The ongoing cycle of customer experience success is comprised of four main influencers: Employees, Customers, Management, and Data. In this series, CSP examines the Employee segment of that cycle and the benefits of focusing on internal culture to drive success.
So you’ve been convinced of the value of employee engagement metrics. You want to see what can happen when you prioritize employee engagement. You’ve enlisted the help of an objective outside party, such as CSP, to collect information from your staff and learn what the key drivers of engagement are in your unique environment. Now what?
Data is the essential foundation of any strategy aimed at improving the employee experience. When you make decisions based on hard evidence, rather than personal opinions or anecdotal success stories you’ve read about from other managers, you’re already on the right track to effecting positive change.
Making the numbers “talk” is the next part of the journey. This is where evidence meets intuition – where data meets with the human touch. With an experienced analytical eye, the raw data begins to tell the story of your organization from the employee’s point of view.
Visualizing the Data
Our understanding of data is largely influenced by how that data is presented. A spreadsheet might contain all the necessary information, but often it takes a visual representation of that information for the insights within to become clear.
Bar charts, pie charts, scatter plots, and line graphs are among the most common, and most effective, ways of turning data into recognizable patterns. These days, it’s also not hard to find measurement tools that generate custom visualizations, such as CSP’s benchmarking dashboard gauges.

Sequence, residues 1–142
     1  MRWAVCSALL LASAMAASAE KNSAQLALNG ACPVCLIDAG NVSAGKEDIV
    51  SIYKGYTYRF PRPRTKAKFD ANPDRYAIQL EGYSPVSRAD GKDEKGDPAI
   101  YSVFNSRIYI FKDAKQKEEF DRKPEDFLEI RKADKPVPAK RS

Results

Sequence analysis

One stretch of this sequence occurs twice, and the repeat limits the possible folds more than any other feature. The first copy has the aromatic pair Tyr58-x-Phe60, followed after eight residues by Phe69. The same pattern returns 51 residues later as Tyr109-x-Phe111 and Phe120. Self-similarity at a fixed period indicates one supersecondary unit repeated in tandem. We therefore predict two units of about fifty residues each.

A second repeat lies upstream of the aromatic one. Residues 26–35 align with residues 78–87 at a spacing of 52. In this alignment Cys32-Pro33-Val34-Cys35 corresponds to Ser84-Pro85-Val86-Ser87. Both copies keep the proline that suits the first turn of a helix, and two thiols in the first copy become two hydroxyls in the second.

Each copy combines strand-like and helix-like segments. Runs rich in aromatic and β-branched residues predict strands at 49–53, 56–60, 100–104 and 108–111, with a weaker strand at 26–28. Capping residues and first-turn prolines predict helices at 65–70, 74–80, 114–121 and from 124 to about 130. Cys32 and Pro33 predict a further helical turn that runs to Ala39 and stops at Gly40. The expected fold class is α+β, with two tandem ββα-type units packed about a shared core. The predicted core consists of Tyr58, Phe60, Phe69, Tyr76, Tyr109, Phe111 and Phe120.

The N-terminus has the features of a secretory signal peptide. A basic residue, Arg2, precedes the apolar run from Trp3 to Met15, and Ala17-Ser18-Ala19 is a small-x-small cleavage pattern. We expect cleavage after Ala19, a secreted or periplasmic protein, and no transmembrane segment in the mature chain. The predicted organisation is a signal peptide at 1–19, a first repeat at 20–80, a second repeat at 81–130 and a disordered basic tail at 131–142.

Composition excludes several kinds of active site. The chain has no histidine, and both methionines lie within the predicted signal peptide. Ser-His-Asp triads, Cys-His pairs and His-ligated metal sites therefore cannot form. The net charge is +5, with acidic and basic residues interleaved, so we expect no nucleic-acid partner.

Why does this matter? The exact same data can be conveyed in many different ways, and each will have an effect on how that data is interpreted. What you see is what you get; how you see it determines what you get out of it.
For example, pie charts convey percentages of a whole, while scatter plots convey the frequency of each possible response. You can neither get a bell curve out of a pie chart, nor deduce a percentage out of a scatter plot. And depending on what it is you’re measuring, a percentage may tell you more than the frequency, or vice versa. (We’ll be discussing the nuances of data visualization more in an upcoming post.)
Writing the End to the Story
Once the right match has been made between the data and the presentation, and patterns are revealed, the last thing you want to do is just sit on the intelligence you’ve gathered. Now is the time to start asking the questions that will bring this story to a satisfying conclusion:
- What can be changed right now? While there is no “quick fix” to the overall employee experience, the data may point to one or two pain points where change can happen with the least investment of time and resources.
- What needs more attention or discussion? Maybe the results of the survey were mixed enough that there is no obvious conclusion without a closer look, or the solution to resolve the pattern is more complex and involves input from other decision-makers.
- Is there a larger scale cultural change that needs to happen? In some cases, the data may indicate that the internal culture of your workplace is in need of more than just a tune-up.
- Is there anything that can’t be changed? Some things will inevitably be outside of your locus of control, or otherwise limited by the availability of resources to resolve them. What might need to change is how you address these sensitive issues with employees.
These questions can help you prioritize the drivers of engagement that need to be prioritized in your employee engagement strategy. With this information, you can begin to embrace change and reap the benefits.
More posts on internal culture and employee engagement: